The film score and soundtrack give the film a very distinct, unique sound.
Mixing traditional South African music with modern day Kwaito [aka South African house music] creates a moody atmosphere in the film and draws us further into the bleak setting. I thoroughly enjoyed the music and would love to listen to the soundtrack.

A feat well accomplished in this film is the seamless integration of all the various music. The original film score and the licensed music are masterfully blended giving us great emotional impact throughout the film. There is a hardly a moment when some music or other is not heard in the film.

In particular, it reminded me just how much music is a way of life in some parts of the world. Here I'm thinking of Africa, Brazil, and India among others - where the culture of music, dance, and celebration, are blended into people's everyday lives, more so than in western countries.

What made this film special for me is how easy it was to relate to the main character. He may be a thug, and at times a ruthless bastard - but he is still human, and even the worst of us have some good qualities. Faced with the same situation, what would we do? If we too lived in a shack and our daily lives had no meaning, how would this affect us? Can we really say what we would choose to do faced with the same life circumstances?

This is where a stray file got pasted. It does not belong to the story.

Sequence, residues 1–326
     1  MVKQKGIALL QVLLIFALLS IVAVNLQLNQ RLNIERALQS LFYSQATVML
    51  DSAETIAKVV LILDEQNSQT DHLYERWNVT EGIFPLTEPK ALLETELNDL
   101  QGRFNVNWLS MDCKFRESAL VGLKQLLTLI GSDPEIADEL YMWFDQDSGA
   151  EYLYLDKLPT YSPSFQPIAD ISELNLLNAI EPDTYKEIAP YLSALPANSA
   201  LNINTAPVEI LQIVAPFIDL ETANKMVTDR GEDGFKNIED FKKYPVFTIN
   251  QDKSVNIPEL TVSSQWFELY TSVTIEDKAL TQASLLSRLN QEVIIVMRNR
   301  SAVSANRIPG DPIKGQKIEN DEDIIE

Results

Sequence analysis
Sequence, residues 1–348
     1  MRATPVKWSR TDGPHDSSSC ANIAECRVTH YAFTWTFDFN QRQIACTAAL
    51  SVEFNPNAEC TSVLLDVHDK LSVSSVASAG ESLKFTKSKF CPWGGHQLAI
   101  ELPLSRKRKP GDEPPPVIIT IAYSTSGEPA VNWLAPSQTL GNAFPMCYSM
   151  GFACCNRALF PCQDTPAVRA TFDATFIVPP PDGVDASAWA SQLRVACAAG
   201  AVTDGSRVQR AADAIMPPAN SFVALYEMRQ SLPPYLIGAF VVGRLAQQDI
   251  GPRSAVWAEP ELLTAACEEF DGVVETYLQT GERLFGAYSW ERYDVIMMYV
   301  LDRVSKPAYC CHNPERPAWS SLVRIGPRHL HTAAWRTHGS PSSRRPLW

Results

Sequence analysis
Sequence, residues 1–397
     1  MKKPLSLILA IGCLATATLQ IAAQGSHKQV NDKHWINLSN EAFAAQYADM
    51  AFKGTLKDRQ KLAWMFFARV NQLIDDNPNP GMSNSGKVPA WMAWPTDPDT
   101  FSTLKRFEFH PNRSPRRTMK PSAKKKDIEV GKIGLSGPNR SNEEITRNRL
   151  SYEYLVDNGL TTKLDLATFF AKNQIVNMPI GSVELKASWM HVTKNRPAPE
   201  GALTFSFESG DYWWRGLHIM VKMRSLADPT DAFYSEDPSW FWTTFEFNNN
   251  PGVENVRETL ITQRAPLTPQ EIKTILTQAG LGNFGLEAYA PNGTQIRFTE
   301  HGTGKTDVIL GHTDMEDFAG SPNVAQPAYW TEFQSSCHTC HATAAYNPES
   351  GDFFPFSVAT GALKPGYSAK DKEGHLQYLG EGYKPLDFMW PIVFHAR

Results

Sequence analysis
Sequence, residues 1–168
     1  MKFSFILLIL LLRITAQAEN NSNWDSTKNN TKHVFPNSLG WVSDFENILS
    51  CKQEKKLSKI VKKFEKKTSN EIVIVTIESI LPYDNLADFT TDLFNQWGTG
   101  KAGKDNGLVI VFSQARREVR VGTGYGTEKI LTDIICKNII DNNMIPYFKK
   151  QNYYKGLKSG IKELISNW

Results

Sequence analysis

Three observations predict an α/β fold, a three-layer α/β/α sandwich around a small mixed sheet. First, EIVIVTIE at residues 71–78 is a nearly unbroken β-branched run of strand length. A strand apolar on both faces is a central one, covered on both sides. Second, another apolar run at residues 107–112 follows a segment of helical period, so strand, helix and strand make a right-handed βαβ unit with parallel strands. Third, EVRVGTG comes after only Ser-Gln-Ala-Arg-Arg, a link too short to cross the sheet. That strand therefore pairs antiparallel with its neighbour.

Tsotsi DVD screen2
What an excellent pic - you could read so much from looking at this shot
I really don't know. But I do know Tsotsi the film is powerful enough to make you stop and think about how our own lives could have been different. We have it pretty damn good in this country.

While that's not what the film is about, it's hard not to think about whether some of us would really be any different than Tsotsi after seeing the desperation of people living in the South African slums.

While I won't give away the ending, it was clear to me that Tsotsi has at least some hope of redeeming himself, maybe even changing his life for the better if he chooses it, but it will be a hard road. To me, no matter who you are, no matter what mistakes you've made or despicable things you have done - it is always possible to change for the better, to forgive ourselves and others, and to grow as a human being.

That's my two cents, the retail/ rental DVD will have the usual extras; making of etc that were not on the preview version. What's with the waiting, go watch this delicious film, why not?


by: Australian Ninja